Map courtesy of the Clisson Mairie
Sightseeing brochure in pdf with more historic monuments to see
Parts of Clisson may be strenuous for people with mobility issues.
GPS location Clisson: 47°05′16″N, 1°16′57″W
GPS location Domaine de la Garenne-Lemot: 47° 05′ 06″ N, 1° 16′ 33″ W
Other things to see and do –
- Les Vignobles de Nantes. Vineyards Muscadet-sèvre-et-maine
- Club de Canoe Kayak Clisson. Canoeing and kayaking on the rivers around Clisson. Address: Chemin de Plessard, 85610 Cugand
Le Pont de la Vallée
view from the pont de la vallée
Les Halles de Clisson
view of the castle
Domaine de La Garenne-Lemot
Viaduct de brouage
The multi-award winning Hellfest music festival was founded in 2006 by local entrepreneurs Ben Barbaud and Yoann Le Nevé. Revered by huge international bands and heavy metal music lovers alike as one of the best rock festivals in the world, Hellfest has grown bigger every year since. In 2019 the festival welcomed nearly 180,000 people over the three day-period.
Fears of the 'death-culture' and Satanism drew a lawsuit by local conservatives and politicians a few years ago who wanted children banned from the festival and song selection submitted for approval before the festival. The judge ruled against them.
Not only does the festival promote cultural and artistic diversity and inclusion, with a budget of over 20 million euros and the draw of mainstream heavy metal bands like ZZ Top, Iron Maiden etc. the economic impact on small business and tourism in the area is undeniable.
In a sociological survey performed in 2011 by the University of Angers it was determined that well over a quarter of the Hellfest festival goers consists of executives and university graduates.
Contributing to the atmosphere and much more than rock festival, the 5 hectares of Hellfest park dedicated to welcoming the public showcase the artistic spirit of the festival. Even if you aren't moved by the counter culture of heavy metal and punk music, the art installation is a sight to see and something you should not miss when visiting Clisson. It is difficult to select images for this section of our article because we don't want to spoil the surprise!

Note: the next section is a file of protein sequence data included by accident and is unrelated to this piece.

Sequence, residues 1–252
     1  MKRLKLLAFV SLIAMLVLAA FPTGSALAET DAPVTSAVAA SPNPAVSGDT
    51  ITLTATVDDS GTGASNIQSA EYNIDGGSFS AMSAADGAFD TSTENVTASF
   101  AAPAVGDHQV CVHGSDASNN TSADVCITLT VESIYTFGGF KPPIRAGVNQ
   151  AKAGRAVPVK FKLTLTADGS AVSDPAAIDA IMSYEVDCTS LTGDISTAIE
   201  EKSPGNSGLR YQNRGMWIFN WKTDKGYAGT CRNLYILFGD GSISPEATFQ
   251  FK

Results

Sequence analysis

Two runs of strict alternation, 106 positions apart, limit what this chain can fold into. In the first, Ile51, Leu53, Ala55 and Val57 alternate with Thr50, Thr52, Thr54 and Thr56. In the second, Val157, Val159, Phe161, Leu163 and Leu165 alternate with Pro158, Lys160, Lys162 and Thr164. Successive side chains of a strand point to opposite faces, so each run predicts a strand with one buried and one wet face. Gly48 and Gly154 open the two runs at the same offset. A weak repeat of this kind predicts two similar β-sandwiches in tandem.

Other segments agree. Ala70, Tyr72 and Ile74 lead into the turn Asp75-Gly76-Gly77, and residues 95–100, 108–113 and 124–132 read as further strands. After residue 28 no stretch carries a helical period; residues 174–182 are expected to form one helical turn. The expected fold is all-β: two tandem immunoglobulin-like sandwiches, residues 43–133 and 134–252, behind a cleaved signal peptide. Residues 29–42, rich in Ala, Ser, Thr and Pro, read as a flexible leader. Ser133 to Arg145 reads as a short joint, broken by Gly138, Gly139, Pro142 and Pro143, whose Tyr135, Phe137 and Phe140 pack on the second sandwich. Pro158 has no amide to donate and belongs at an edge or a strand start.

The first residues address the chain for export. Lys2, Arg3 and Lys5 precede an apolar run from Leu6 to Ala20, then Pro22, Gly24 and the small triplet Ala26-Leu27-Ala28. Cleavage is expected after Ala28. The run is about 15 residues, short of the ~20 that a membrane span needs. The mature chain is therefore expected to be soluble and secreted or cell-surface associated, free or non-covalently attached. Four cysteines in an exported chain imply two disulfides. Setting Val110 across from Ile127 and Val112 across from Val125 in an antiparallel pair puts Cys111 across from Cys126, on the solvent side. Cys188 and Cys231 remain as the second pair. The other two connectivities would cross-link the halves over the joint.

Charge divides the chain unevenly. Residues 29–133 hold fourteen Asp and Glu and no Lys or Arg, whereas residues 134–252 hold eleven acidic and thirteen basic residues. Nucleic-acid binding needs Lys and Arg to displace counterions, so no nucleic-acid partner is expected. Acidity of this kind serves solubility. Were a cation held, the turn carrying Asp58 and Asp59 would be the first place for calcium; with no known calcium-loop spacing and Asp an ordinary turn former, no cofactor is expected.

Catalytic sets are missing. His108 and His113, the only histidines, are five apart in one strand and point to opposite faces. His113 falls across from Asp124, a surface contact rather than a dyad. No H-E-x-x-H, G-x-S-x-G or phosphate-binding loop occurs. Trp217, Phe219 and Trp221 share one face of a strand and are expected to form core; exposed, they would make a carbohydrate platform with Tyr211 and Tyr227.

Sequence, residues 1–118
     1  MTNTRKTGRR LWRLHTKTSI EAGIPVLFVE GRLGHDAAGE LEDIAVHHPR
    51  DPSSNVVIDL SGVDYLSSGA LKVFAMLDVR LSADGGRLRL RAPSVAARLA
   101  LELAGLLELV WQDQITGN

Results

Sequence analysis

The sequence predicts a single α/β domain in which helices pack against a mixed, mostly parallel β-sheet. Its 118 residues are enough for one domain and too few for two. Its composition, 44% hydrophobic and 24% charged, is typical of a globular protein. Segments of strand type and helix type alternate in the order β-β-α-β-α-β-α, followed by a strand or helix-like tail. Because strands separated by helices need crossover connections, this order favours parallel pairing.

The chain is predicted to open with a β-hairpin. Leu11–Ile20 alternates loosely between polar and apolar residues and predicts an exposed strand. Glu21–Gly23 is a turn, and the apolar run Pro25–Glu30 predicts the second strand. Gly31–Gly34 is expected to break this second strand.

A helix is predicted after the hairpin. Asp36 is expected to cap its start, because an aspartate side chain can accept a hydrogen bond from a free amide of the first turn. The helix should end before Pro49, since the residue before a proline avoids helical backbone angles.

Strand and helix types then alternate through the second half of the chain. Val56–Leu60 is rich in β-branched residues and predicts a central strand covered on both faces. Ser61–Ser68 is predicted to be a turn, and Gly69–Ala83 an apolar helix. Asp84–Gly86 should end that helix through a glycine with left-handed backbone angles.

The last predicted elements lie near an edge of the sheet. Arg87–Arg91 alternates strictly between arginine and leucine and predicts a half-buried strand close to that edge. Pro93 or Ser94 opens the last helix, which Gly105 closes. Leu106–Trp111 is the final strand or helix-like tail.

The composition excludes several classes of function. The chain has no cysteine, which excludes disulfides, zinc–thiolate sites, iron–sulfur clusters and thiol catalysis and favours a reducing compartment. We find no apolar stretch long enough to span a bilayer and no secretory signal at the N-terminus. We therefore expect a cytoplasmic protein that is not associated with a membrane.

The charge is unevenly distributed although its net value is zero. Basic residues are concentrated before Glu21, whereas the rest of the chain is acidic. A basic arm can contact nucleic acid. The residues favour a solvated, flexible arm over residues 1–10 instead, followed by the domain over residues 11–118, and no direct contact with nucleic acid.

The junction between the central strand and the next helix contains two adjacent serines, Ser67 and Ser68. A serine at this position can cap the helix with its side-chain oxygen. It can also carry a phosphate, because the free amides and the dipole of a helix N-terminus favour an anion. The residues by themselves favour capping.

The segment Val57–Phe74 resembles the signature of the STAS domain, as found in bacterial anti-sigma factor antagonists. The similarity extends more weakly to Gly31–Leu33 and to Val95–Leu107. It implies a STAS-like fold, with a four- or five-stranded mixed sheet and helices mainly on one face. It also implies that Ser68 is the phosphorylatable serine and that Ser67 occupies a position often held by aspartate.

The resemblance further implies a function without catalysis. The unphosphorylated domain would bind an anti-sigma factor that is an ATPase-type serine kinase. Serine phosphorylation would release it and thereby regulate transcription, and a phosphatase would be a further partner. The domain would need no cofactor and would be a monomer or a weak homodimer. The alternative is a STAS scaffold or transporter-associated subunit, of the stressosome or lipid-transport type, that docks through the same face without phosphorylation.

The experience begins with the roundabouts on the D149 featuring artwork dedicated to rock music, among which a statue of one of the festival's biggest fans and most notorious participants, Lemmy Kilmister (1945 - 2015), singer and bassist of British heavy metal band Motörhead.
Open – Free access most of the year until it's time for the festival in June
Address – Rue du Champs Louet, 44190 Clisson (off the D149)
Map – Google map
Parking – parking on Rue du Champs except in June. During the music festival there is designated parking for ticketholders
Hellfest 2021 – was canceled due to the pandemic.
Hellfest 2022 – is planned for 17/18/19 June. It is sold out.
How to buy tickets for 2023 – It's important to know that this festival is extremely popular and sells out one year in advance. The best way to buy tickets for 2023 is during the festival in 2022, at the festival ticket office. AS SOON as they go on sale. The 3-day passes sell out in under 1.5 hours.
Tips – Looking for tickets? Try the website Ticketswap. At time of this publication (March 2021) 2 people offered their tickets for 2022 on the site... there are 16,842 concert goers on the waiting list.
Images – by inthevendee
the park is kept in pristine condition
time piece and bell tower
the medieval double crosses or metal hammers are omnipresent
Plan your daytrip!
Clisson is just a short drive away from just about anywhere in the Vendée. Spring is a great time to visit the area. As the pandemic still has a hold on us and the season is beckoning to enhance our cultural barometer, a walk around the village as well as Hellfest park is a great way to shake winter's cobwebs off of our shoulders.
Clisson is no more than 5 minutes outside the border with the Vendée to the north, and its proximity is a good excuse to seek out the on-vacation feeling that never lets us down in France. If you are on holiday in the Vendée, Clisson is a great little town to leave the lawn chair by the pool for what will amount to a fun and interesting day sightseeing. We hope you enjoy it as much as we do! Social distance included.